Vividly illustrating Australia’s devastating “Black Summer” wildfires, which raged off and on from June 2019 into May 2020, Eva Orner‘s new non-fiction film Burning attempts to document a horrific event while engaging with the thorny political questions surrounding climate change. Using footage of protests surrounding the 2019 COP25 conference as a structuring device, Orner threads together numerous talking heads into a scathing indictment of the governmental neglect and corporate malfeasance that has hindered progress on climate change policy every step of the way. The film is bracing in its righteous anger, but Orner’s attempts at covering such huge swaths of information in such a brief running time sometimes suggests a Cliffs Notes version of a much larger, more complicated project.
Orner begins with Greg Mullins, a former Fire and Rescue Commissioner who recounts Australia’s long history with damaging bush fires. Alongside archival footage of firemen battling raging infernos, Mullins explains how catastrophes once thought to be once-in-a-decade occurrences have become more and more frequent, and how ill-prepared people are to do battle with them. He explains how previously bad fires would typically last for a week; this one lasted for over three months. Interviews with author and scientist Tim Flannery give more background on the overwhelming evidence of climate change directly affecting our everyday lives, as well as the differing levels of catastrophe to come based on 1.5 degrees of warming versus 2 degrees. Orner also interviews journalist Marian Wilkinson, who offers a brief summation of current Prime Minister Scott Morrison’s craven attempts to dismiss or otherwise ignore climate change while insisting on coal as an essential pillar of the Australian economy (indeed the film goes out of its way to paint Morrison as a Trumpian figure). There’s also young climate activist Daisy Jeffrey, on hand to explain the efforts of the current generation to hold elected officials accountable for their actions — or, as in this case, their inaction.
Burning is a noble call to arms — a purposefully blunt, didactic tool that one could imagine being a useful pedagogical sledgehammer. Unfortunately, it’s not much of an aesthetic object. Orner has remarkable footage of the fires, much taken from personal phone cameras and the like, which elevates the film beyond being a simple PowerPoint presentation. But the constant cutting between this footage and the same handful of talking head interviews makes the film feel somehow smaller, less expansive in scope. The film ends with some horrifying numbers — five million kilometers of land, roughly the size of Europe, burned during “Black Summer” — and an urgent call for action, a perhaps futile gesture as the just-concluded COP26 conferences have produced yet another round of empty, vague gestures and non-binding, unenforceable carbon reduction goals. Burning warns that time is running out without fully grappling with the possibility that it might already be too late.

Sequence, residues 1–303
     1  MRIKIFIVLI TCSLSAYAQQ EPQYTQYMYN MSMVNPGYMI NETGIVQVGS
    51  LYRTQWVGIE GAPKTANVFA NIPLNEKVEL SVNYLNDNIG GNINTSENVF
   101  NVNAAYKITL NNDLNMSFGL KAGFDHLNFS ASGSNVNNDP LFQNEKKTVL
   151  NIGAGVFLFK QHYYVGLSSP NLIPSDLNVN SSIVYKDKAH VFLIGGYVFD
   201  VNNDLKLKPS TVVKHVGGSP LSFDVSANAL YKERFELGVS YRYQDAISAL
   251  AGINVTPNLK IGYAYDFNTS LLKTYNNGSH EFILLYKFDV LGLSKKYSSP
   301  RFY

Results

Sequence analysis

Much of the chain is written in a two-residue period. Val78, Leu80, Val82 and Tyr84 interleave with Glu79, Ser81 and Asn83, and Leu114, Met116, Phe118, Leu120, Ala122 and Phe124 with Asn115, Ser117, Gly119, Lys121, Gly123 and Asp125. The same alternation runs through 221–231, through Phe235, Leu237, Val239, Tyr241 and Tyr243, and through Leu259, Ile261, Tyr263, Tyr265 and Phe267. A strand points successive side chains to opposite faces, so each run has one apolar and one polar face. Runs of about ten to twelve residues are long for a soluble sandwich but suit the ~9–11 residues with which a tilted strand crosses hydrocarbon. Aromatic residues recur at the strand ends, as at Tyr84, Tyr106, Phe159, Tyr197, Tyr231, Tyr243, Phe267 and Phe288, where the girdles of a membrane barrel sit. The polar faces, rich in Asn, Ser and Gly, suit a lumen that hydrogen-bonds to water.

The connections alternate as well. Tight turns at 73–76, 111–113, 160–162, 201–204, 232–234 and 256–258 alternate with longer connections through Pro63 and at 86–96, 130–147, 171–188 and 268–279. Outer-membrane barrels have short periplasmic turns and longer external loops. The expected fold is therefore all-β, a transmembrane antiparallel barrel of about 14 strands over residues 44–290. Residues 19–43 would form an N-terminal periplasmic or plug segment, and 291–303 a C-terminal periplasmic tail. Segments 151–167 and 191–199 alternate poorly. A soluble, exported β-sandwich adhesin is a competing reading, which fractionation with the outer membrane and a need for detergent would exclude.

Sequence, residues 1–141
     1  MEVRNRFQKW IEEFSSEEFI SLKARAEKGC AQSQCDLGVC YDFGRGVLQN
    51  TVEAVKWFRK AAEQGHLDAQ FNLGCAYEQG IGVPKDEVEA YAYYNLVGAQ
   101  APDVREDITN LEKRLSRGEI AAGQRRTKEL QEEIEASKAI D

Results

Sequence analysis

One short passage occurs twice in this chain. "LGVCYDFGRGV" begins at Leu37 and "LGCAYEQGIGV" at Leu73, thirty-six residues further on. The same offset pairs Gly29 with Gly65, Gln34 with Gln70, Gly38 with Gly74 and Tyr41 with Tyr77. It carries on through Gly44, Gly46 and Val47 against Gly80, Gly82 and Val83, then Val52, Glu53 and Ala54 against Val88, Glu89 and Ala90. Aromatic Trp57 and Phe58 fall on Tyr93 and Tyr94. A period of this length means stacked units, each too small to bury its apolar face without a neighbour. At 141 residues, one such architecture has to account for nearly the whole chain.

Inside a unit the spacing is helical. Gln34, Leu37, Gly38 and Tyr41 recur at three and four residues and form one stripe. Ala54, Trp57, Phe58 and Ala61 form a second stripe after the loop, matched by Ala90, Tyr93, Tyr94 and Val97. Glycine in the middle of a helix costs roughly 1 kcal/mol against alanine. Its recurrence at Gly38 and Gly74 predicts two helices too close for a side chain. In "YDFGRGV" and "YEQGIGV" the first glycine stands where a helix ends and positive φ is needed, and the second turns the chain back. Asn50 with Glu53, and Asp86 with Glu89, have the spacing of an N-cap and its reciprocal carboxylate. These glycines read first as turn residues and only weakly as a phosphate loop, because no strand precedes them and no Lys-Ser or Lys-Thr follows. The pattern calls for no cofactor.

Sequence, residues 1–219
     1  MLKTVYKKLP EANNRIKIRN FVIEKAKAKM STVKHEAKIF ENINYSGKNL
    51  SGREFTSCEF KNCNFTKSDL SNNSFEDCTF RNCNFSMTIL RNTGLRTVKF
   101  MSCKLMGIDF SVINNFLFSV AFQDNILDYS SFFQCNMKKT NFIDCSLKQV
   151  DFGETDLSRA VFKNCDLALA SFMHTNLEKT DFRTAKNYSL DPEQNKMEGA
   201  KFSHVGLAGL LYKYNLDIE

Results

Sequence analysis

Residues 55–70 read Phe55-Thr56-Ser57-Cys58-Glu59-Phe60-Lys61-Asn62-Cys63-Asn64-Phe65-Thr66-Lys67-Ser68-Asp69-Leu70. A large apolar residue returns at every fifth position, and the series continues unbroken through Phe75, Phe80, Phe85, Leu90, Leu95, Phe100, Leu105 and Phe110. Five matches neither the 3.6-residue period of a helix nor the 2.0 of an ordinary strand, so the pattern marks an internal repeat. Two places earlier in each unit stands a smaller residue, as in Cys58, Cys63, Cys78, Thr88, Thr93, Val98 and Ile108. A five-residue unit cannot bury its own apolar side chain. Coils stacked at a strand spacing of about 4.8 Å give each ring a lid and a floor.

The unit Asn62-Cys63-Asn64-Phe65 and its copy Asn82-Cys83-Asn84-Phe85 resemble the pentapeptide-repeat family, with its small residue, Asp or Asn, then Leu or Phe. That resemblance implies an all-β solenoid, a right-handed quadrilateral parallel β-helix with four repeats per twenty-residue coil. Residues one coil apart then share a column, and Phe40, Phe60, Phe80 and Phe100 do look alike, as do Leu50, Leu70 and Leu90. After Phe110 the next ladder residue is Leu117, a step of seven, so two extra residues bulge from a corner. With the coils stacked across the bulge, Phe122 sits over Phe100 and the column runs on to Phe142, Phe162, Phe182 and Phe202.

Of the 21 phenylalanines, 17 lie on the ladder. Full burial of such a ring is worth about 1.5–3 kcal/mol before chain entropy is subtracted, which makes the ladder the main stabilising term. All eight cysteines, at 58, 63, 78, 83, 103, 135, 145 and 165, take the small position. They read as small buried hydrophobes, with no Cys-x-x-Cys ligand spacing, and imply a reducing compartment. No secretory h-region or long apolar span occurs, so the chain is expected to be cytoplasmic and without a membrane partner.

Writer: Daniel Gorman
From the outside, Peter Nicks’ documentaries follow in the path of Frederick Wiseman’s institutional portraits. Nicks’s first, second, and third films (The Waiting Room, The Force, Homeroom) correspond to the subjects Wiseman arrived at for his second, third, and fourth (High School, Law & Order, Hospital). Critics have casually linked the two and called Nicks’ approach vérité, and all of this suggests the term and the affinity are baseless, or at least inexact.
The largest gulf between Nicks’ approach and Wiseman’s is surely how they conceive of knowledge. For Nicks, who structures Homeroom like a yearbook — generational distinctions, student events, and major clubs take center stage in all the sequences that precede the COVID-19 outbreak — meaning can be approached at face value. Vérité here seems to mean that there aren’t any location tags, voice-of-god narrators, or staged interviews. But, as in an extended TV news report, Nicks finds analogues for all of these conventions: establishing shots, radio snippets, and, conveniently, the to-camera addresses of student Instagram broadcasts.